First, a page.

Coral Maloney and Ian Mozdzen on Winnipeg

[color]Coral Maloney[/color] and [color]Ian Mozdzen[/color] live in Winnipeg.  They tackle the fetishization of cowboy culture in their Rhubarb show [color]WEproteSTern[/color].  Sitting all the way over here in Toronto, we wanted to ask them; Winnipeg, what’s that like?

1. Outside our front doors in downtown Winnipeg, for a matter-of-fact we’re running late walk:

“Fuckkk yyyyoouuuuuu you fuhhhcking Ffffffuuuckkk!…”’

students in Uggs

girls in hijab laughing with schoolbags

police car, police car, police paddy wagon

cigarette smoke clouds

laundromat laundry air blowing

a thrift store for “family & pregnancy support”

blood spots on the sidewalk

police lines

new cars and old cars

woman with long hair dangling near swinging hips and stumbling ankle

same SUVs circling around and around

children toddling along, no hat-no mitt kids

young men pushing strollers

“Hola, Como estas?”

Quickie Mart


one high heel

brown-gray piles of snow


I’m Elvis.  Nope, I’m Roy Rogers. Hehehe.

There’s one guy who waves to me every time I go by



Ethiopian Restaurant

Ethiopian Restaurant

Ethiopian Restaurant

Ethiopian Restaurant

Ethiopian Restaurant

man weeping openly while

laying on the street …


blood spots on the ground …

Vietnamese restaurant …

convenience  store …

bus shack …

police car … police

car …

garbage on the ground …

plastic bags


sofas in the Assiniboine River


2.  A Photo For A Whimsical Evening On A Conservative Lawn with Ian

(with Doug Melnyk @ Dalnavert House, Winnipeg, 2012, photo by Larry Glawson)


3. a recipe for winnipeg, for a sentimental afternoon with coral

4 cups vinegar (use old pickle vinegar if you can)

4 cups oil (flax or canola)

10 coriander seeds

a bit of spring gravel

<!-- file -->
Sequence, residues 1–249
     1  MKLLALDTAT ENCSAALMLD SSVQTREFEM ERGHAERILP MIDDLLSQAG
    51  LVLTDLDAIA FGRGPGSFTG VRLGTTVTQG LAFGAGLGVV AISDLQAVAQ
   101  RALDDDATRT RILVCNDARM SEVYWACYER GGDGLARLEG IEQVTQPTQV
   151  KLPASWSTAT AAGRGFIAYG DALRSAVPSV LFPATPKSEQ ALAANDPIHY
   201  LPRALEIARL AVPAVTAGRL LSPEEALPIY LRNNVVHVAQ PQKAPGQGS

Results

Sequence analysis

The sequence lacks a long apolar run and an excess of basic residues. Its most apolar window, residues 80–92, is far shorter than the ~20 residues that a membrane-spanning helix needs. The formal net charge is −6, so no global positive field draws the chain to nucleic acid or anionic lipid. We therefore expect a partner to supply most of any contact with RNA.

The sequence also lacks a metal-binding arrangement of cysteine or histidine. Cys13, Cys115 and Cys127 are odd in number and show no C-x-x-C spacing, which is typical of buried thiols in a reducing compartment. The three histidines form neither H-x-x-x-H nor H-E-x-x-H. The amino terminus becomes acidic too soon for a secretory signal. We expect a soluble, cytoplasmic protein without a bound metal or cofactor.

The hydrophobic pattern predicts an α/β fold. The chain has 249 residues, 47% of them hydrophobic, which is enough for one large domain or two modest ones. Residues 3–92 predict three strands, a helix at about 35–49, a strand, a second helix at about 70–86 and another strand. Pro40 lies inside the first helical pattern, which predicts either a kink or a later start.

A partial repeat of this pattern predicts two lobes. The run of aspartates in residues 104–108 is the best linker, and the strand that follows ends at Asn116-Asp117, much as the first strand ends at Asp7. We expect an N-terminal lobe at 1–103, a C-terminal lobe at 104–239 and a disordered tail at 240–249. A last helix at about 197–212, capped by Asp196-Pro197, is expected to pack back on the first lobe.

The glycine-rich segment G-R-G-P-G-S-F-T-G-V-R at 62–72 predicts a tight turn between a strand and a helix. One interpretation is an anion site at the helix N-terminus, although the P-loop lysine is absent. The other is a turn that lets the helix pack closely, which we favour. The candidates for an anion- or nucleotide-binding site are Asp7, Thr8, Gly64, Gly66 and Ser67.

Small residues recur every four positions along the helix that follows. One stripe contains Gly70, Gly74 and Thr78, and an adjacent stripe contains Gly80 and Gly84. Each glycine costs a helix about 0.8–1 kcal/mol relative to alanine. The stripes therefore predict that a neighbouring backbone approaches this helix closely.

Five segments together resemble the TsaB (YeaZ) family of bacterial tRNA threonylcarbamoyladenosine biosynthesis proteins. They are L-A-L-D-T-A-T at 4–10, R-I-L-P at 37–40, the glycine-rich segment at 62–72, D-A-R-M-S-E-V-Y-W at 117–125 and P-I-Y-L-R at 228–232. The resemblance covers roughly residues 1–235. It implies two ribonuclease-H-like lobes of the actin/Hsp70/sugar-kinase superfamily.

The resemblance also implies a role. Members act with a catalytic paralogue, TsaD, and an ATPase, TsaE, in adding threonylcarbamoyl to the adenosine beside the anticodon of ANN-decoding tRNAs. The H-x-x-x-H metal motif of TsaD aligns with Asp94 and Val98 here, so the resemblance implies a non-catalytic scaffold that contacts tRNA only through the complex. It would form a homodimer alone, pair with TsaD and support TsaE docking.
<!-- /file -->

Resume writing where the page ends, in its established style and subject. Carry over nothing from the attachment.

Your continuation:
one blue flower (flax will do)

a neon tree paint spot

4 tablespoons clover honey

pink summer at 5:37 am

one whole cayenne pepper

a fair amount of salt

a photograph of the river

afternoon light on brick wall

one onion, sliced

one earring steeped in old blood, then strained
a parcel note that arrived last week

8 cloves of garlic
4 bent nails

mix well with grated or sliced winnipeg. let sit for 24 hours or until you sing without thinking. hum quietly as you drain the liquid off and squeeze it all dry; wrap in cheesecloth. it is okay if some things fall out. cover and hang to dry next to a copy of your favourite book and a letter from an old friend. so it remembers who it is, recite to it one street name per day for three days. store in a glass jar in a dark, cool corner where no mice run.

winnipeg cannot be frozen (freezer burn, back and forth) or smoked (flat, sprawling, it would never fit in a smokehouse).  it cannot be canned – boiling would turn our beloved grit to mush. indeed, winnipeg must be hung out to dry and then stored outside of ourselves for us to look at, admire, have ready. like this it is small enough to take camping or on a trip to halifax, where they will like it a lot too.

when we open the jar and pull out a sliver of our dried city it is fragile and papery, quiet and nearly gone. but if we are really ready for it, the floods of lake agassiz will hear our call and rush in through the groundstreams, uncovering, making whole, re-gritting.


4.  Video – Ian and Coral in rehearsal for WEproteSTern


 Coral and Ians show, WEproteSTern takes place February 20-24.  Click here for more info


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